CNBC takes briefly explores this phenomenon today, attempting to make sense out of the current, wobbly market conditions:

“‘It’s not about proposals anymore … but what are they going to do,’ said Brent Schutte, chief investment strategist at Northwestern Mutual Wealth Management. ‘I think investors are at a pause trying to figure out what’s next.’ He also said he is positive about U.S. equities, noting underlying global economic growth has been overlooked.”

But on the other hand, another CNBC piece succumbs to the usual cheerleading that’s supported the pitiful Obamanomic moves of the last 8 years, particularly with regard to the likelihood that Obamacare will be either altered or repealed in some way, shape or form. The network’s Internet site posts a ridiculously partisan piece based on Congressional Budget Office (CBO) estimates that are completely bogus, given that no Obamacare replacement proposal has yet been passed.

“Repealing portions of Obamacare would lead to 32 million more people becoming uninsured by 2026, and a doubling in the prices of premiums paid by those people who remain covered by individual health plans by that year, a new analysis says.

“The Congressional Budget Office report projects that ‘the number of people who are uninsured would increase by 18 million in the first new plan year following enactment’ of an Obamacare repeal bill along the lines of one that had been introduced in the House in 2015.

“The report projects millions more people would leave the individual insurance market after that as prices skyrocket. Eventually, about three-quarters of the U.S. population would not even have access to an insurer selling such individual plans if the House bill were to be adopted, according to the nonpartisan CBO.”

Seriously? “Nonpartisan CBO” my a_ _, if you’ll forgiven my colloquial French. Like purely theory-based global warming climate change stats, the CBO’s “projections” take into account only conjecture based on past proposals as opposed to anything real.

Read also: The economy Trump supporters expect over the next two years

The CBO actually used to be nonpartisan. But like everything else in Washington, it’s been thoroughly politicized by the Democrats, so you can’t rely on many of its theory-based projections these days. Back in the day, the military used to regard pronouncements like the CBO’s nonsensical verbiage as “mushroom treatment”: Being kept in the dark and fed horse_ _ _ t.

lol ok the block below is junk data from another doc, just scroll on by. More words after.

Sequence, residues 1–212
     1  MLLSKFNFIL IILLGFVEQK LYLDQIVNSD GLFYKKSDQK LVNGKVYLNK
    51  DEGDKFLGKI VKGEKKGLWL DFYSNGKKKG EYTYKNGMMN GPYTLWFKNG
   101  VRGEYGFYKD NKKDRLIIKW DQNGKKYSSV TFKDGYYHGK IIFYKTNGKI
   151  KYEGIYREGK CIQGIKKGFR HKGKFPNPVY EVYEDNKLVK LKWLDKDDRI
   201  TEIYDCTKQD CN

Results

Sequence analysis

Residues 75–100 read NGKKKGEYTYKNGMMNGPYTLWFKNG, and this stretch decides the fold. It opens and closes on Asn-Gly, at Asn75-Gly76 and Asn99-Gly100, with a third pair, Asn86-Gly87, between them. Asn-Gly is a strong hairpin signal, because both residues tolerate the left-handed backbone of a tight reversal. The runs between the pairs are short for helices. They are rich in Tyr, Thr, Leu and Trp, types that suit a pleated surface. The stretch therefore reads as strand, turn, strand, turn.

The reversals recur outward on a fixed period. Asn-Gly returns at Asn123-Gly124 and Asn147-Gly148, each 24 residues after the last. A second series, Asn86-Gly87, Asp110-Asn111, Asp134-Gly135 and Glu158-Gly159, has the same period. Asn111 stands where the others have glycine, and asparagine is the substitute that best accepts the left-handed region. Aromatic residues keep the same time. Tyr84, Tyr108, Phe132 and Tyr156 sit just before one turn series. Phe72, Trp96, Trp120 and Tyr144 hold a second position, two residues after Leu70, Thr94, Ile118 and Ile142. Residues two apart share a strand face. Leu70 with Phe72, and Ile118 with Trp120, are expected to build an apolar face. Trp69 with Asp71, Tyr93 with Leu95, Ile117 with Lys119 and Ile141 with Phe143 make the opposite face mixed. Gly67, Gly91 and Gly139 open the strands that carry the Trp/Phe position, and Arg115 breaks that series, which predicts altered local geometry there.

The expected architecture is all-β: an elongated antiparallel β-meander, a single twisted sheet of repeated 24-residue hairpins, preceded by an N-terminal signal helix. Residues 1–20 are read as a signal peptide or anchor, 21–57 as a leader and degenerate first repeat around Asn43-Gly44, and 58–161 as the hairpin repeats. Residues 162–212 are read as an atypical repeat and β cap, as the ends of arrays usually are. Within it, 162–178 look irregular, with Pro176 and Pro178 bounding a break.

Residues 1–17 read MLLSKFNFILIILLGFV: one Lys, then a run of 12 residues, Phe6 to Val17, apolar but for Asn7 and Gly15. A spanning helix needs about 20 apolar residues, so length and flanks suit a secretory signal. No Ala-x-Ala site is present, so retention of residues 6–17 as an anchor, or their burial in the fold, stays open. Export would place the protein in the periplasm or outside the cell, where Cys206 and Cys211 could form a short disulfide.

Until we can find a way out of the Washington mushroom house and figure out which way the economic winds are blowing, it’s going to be tough to come up with useful financial columns this week. For that reason, we anticipate our columns will be brief this week until something concrete actually happens.

Terry Ponick

Biographical Note: Dateline Award-winning music and theater critic for The Connection Newspapers and the Reston-Fairfax Times, Terry was the music critic for the Washington Times print edition (1994-2010) and online Communities (2010-2014). Since 2014, he has been the Senior Business and Entertainment Editor for Communities Digital News (CDN). A former stockbroker and a writer and editor with many interests, he served as editor under contract from the White House Office of Science and Technology Policy (OSTP) and continues to write on science and business topics. He is a graduate of Georgetown University (BA, MA) and the University of South Carolina where he was awarded a Ph.D. in English and American Literature and co-founded one of the earliest Writing Labs in the country. Twitter: @terryp17